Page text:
In Vitro and In Vivo Characterization of Three Different Modes of Pump Operation When Using a Left Ventricular Assist Device as a Right Ventricular Assist Device

Michael C. Stevens, Shaun D. Gregory, Frank Nestler, Bruce Thomson, Jivesh Choudhary, Bruce Garlick, Jo P. Pauls, John F. Fraser, Daniel Timms

Research output: Contribution to journalArticleResearchpeer-review

8 Citations (Scopus)

Abstract

Dual rotary left ventricular assist devices (LVADs) have been used clinically to support patients with biventricular failure. However, due to the lower vascular resistance in the pulmonary circulation compared with its systemic counterpart, excessively high pulmonary flow rates are expected if the right ventricular assist device (RVAD) is operated at its design LVAD speed. Three possible approaches are available to match the LVAD to the pulmonary circulation: operating the RVAD at a lower speed than the LVAD (mode 1), operating both pumps at their design speeds (mode 2) while relying on the cardiovascular system to adapt, and operating both pumps at their design speeds while restricting the diameter of the RVAD outflow graft (mode 3). In this study, each mode was characterized using in vitro and in vivo models of biventricular heart failure supported with two VentrAssist LVADs. The effect of each mode on arterial and atrial pressures and flow rates for low, medium, and high vascular resistances and three different contractility levels were evaluated. The amount of speed/diameter adjustment required to accommodate elevated pulmonary vascular resistance (PVR) during support with mode 3 was then investigated. Mode 1 required relatively low systemic vascular resistance to achieve arterial pressures less than 100mmHg in vitro, resulting in flow rates greater than 6L/min. Mode 2 resulted in left atrial pressures above 25mmHg, unless left heart contractility was near-normal. In vitro, mode 3 resulted in expected arterial pressures and flow rates with an RVAD outflow diameter of 6.5mm. In contrast, all modes were achievable in vivo, primarily due to higher RVAD outflow graft resistance (more than 500dyn·s/cm5), caused by longer cannula. Flow rates could be maintained during instances of elevated PVR by increasing the RVAD speed or expanding the outflow graft diameter using an externally applied variable graft occlusion device. In conclusion, suitable hemodynamics could be produced by either restricting or not restricting the right outflow graft diameter; however, the latter required an operation of the RVAD at lower than design speed. Adjustments in outflow restriction and/or RVAD speed are recommended to accommodate varying PVR.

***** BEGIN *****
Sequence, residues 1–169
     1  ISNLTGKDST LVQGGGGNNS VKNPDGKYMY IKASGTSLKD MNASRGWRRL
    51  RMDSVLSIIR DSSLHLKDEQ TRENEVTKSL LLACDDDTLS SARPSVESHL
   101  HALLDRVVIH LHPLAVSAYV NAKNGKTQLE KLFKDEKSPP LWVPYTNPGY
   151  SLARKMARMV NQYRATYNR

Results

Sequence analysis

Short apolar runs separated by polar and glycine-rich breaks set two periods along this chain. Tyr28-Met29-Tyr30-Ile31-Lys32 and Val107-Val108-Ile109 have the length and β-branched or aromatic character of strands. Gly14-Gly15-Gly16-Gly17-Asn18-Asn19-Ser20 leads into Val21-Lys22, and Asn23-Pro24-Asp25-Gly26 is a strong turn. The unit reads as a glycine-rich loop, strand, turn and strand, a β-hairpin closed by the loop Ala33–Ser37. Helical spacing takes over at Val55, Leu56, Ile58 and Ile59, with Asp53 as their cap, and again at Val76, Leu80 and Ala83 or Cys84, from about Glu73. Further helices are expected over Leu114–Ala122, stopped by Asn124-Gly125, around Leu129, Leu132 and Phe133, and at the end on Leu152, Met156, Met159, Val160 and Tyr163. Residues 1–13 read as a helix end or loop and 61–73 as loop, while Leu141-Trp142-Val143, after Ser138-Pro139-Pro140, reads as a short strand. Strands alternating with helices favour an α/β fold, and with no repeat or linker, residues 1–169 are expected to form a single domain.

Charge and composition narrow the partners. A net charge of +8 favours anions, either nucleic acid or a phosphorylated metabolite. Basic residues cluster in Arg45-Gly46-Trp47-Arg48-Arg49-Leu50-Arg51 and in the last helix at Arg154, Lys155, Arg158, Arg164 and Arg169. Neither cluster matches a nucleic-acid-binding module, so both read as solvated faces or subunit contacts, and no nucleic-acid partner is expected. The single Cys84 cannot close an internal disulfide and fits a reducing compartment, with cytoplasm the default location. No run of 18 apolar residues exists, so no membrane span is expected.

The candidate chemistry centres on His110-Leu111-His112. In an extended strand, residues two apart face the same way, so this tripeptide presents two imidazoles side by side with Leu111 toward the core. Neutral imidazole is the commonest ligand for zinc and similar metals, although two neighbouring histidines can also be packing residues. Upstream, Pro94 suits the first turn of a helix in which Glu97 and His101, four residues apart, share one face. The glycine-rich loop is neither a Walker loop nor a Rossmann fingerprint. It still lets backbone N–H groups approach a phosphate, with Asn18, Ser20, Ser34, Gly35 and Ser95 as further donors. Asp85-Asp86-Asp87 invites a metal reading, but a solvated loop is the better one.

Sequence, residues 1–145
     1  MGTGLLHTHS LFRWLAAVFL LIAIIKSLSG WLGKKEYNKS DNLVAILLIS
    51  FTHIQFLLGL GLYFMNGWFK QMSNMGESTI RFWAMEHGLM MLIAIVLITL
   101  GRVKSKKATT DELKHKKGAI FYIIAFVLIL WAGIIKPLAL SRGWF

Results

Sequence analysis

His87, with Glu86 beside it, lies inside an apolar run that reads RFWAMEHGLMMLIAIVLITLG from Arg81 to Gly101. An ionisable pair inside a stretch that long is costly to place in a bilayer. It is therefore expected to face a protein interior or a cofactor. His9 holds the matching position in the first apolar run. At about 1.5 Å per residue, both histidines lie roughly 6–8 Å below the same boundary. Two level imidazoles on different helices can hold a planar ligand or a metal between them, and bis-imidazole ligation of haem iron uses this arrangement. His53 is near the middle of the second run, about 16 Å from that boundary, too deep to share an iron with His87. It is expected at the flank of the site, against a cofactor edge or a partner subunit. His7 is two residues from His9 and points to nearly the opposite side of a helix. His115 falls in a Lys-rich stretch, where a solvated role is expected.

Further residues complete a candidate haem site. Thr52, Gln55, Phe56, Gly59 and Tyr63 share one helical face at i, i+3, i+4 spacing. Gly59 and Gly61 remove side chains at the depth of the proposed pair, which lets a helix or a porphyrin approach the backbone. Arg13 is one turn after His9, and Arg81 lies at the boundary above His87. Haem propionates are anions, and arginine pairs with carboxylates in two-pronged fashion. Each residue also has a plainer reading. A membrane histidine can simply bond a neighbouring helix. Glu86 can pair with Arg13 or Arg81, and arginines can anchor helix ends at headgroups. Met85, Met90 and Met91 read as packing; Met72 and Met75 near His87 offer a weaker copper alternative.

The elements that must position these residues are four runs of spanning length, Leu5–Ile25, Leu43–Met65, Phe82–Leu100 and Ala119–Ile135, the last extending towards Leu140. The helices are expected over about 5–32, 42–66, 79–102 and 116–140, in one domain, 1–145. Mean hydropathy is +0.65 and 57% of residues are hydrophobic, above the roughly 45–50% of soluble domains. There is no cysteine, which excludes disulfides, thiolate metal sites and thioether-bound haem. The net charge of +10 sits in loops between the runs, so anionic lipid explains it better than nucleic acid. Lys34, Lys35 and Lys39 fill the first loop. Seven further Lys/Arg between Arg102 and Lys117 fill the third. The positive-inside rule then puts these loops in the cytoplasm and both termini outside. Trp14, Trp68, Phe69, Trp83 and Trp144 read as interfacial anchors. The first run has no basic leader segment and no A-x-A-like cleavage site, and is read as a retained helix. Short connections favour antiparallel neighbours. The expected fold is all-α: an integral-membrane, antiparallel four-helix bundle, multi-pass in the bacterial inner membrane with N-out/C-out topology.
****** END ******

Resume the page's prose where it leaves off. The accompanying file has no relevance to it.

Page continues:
Original languageEnglish
Pages (from-to)931-939
Number of pages9
JournalArtificial Organs
Volume38
Issue number11
DOIs
Publication statusPublished - 1 Jan 2014
Externally publishedYes

Keywords

  • Biventricular assist device
  • Heart failure
  • Pulmonary vascular resistance
  • Rotary pump

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